Robots deployed in Japan hospital to ease nurse workload

A hospital in Nagoya, Japan, has deployed robots to help nurses during the overnight shift. The robots aren't involved with patients, instead designed to serve as something like a rolling delivery cabinet. Less nurses work the overnight shift, leaving less humans to take items where they're needed. These robots fill that void, transporting medicine, samples and other items between in-hospital destinations.

The robots are being deployed as a pilot project, essentially, which could snowball into a permanent position if they prove useful to officials. Nagoya University Hospital will start using four of these robots next month, doing so between the hours of 5PM and 8AM. The testing period will last for a year.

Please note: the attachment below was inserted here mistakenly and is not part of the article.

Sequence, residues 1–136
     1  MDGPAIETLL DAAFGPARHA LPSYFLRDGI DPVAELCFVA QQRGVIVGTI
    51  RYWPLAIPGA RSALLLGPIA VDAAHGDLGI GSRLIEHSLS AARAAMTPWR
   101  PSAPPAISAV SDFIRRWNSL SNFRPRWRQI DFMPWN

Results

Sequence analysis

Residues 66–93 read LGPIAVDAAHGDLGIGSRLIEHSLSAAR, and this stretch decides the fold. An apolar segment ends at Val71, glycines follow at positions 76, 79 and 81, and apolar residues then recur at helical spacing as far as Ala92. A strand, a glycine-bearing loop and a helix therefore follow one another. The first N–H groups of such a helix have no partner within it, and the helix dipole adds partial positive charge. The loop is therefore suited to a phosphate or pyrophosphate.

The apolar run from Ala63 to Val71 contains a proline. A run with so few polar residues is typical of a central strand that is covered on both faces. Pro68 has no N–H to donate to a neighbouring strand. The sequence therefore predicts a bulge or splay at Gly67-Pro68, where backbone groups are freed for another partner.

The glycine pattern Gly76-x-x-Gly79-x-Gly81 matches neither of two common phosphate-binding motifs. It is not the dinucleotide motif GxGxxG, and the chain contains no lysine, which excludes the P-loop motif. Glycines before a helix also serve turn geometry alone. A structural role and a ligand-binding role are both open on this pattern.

According to local publication Asahi Shimbun, these robots have 360-degree vision capabilities and the ability to either maneuver around people or verbally ask them to move aside. These robots also have a screen for interaction and are primarily composed of a large cabinet-like compartment with shelves on which items can be placed.

As with a Roomba and other similar robots, these robots are designed to return to their charging state when their batteries are running low. They can take themselves through various routes to different places in the hospital, and that includes using elevators.

Each robot has a top speed of about 2.2MPH and a maximum carrying capacity of 30kg / 60lbs. Nurses and pharmacists will have direct access to the robots via tablets, which will be used to summon the vehicles. The nurses are also able to specify its final destination using the tablet, after which point the robots take off and follow their orders.

SOURCE: The Asahi Shimbun